Toss the name Saquon Barkley in any search engine this week and you’ll start reading that the Penn State product is a “generational talent,” “a can’t miss prospect,” and “by far the most talented player in the 2018 NFL Draft.” But – heads up Browns, Jets, Giants and Broncos fans -could it be that Barkley is a tad, or even flat-out overrated?
Why, of course.
Despite all of today’s advanced scouting and analytics, there still remains a great deal of risk when it comes to drafting any football player. Barkley could just as well be the next Trent Richardson (sorry Browns fans but he is the standard for any RB bust article) as he could wind up being the next Ezekiel Elliott.
This time of year, there is always “the next big thing” but it doesn’t always turn out that way. Richardson, picked third overall, was a certifiable bust. These other first round draft picks had their moments in the NFL, but they never came close to the expectations they had in April of the respective years in which they were drafted: Ronnie Brown (2nd overall pick), Cadillac Williams (5th overall pick), Beanie Wells (31st overall pick) and Reggie Bush (2nd overall pick).
We took a look at the college stats from all of these players and compared them to the numbers Barkley put up with the Nittany Lions. Here are the numbers from each player’s top collegiate season.
Trent Richardson, Alabama: 283 carries, 1679 yards, 21 TDs, 29 receptions, 338 receiving yards, 3 receiving TDs
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Ronnie Brown, Auburn: 175 carries, 1008 yards, 13 TDs, 9 receptions, 166 receiving yards, 1 receiving TDs
Cadillac Williams, Auburn: 239 carries, 1165 yards, 12 TDs, 21 receptions, 152 receiving yards, 1 receiving TDs
Beanie Wells, Ohio State: 274 carries, 1609 yards, 15 TDs, 5 receptions, 21 receiving yards, 0 receiving TDs
Reggie Bush, USC: 200 carries, 1740 yards, 37 receptions, 16 TDs, 478 receiving yards, 2 receiving TDs
And here are the numbers from Barkley last season, his top overall season.
Saquon Barkley, Penn State: 217 carries, 1271 yards, 18 TDs, 632 receiving yards, 3 receiving TDs
Barkley’s receiving yards numbers eclipse even those of Bush, who was thought of at the time as the greatest dual threat in college football history. That said, Bush had nearly 500 more rushing yards in his top season at USC. Richardson and Wells both also had substantially more success in the running game in college.
RBs in general are overrated
Adding to the doubt on Barkley is his longterm projection as a potentially elite NFL player. The website, SoCalledFantasyExperts.com ran a piece last year regarding the aging curve for NFL running backs. Here is what they had to say: “Running backs that come into the NFL at 22 are closer to their peak than any other position, and like tight ends make large leaps in improvement until they reach their peak – 24 and 25 (while 24 is the peak age for running backs, their age 25 season is nearly the same as far as performance).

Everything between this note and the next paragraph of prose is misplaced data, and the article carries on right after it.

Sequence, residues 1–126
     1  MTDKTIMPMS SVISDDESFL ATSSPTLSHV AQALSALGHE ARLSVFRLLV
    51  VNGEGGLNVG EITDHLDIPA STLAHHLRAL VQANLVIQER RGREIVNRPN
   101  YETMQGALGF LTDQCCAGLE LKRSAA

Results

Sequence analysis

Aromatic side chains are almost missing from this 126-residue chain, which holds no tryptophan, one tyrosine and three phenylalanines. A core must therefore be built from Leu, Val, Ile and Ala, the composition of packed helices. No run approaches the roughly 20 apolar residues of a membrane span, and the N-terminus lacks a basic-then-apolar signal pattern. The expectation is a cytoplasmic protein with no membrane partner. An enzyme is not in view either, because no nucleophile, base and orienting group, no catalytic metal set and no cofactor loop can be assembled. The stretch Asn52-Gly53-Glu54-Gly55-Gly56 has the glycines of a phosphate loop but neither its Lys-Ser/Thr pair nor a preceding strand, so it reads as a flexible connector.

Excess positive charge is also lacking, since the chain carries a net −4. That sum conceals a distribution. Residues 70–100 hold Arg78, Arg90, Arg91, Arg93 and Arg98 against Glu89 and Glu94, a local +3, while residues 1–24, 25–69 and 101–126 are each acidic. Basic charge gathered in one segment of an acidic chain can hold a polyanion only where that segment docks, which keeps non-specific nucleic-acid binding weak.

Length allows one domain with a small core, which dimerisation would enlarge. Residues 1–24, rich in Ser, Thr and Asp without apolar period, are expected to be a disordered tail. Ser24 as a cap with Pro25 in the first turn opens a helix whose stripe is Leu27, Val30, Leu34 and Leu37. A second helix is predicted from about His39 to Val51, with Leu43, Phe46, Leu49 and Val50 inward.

“For a total of four seasons, the peak range of performance for running backs proves to be from a player’s age 24 season to their age 27 season. Once they turn 28, running backs see their performance start to suffer.”
For teams like the Browns this is very problematic considering that by the time the team is ready for playoff contention, Barkley’s peak years may be behind him. For teams like the Giants, Jets and Broncos – teams that likely believe they could pull a Philadelphia Eagles this coming season – the recent history when it comes to having an elite back and winning a title is not very long. Here is the list of the past five Super Bowl champions with their top back from each season.
Philadelphia Eagles: LeGarrette Blount
New England Patriots: LeGarrette Blount
Denver Broncos: Ronnie Hillman
New England Patriots: Jonas Gray
Seattle Seahawks: Marshawn Lynch
In other words, investing big money or a top draft pick in a running back is not even close to being a top priority when it comes to winning it all.
Boom or bust
In addition, Barkley was something of a boom or bust back for Penn State last season. He had three monster games (172 yards rushing vs. Akron, 211 yards vs. Iowa, 158 yards vs. Nebraska), but he also had a three game stretch at a key time during the Nittany Lions’ season where he was a no-show. On Oct. 28 at Ohio State he had just 44 yards on 21 carries in a Penn State loss. On Nov. 14 at Michigan State he had 14 carries for 63 yards in a loss. Against Rutgers on Nov. 11, he had 14 carries for just 35 yards in a win.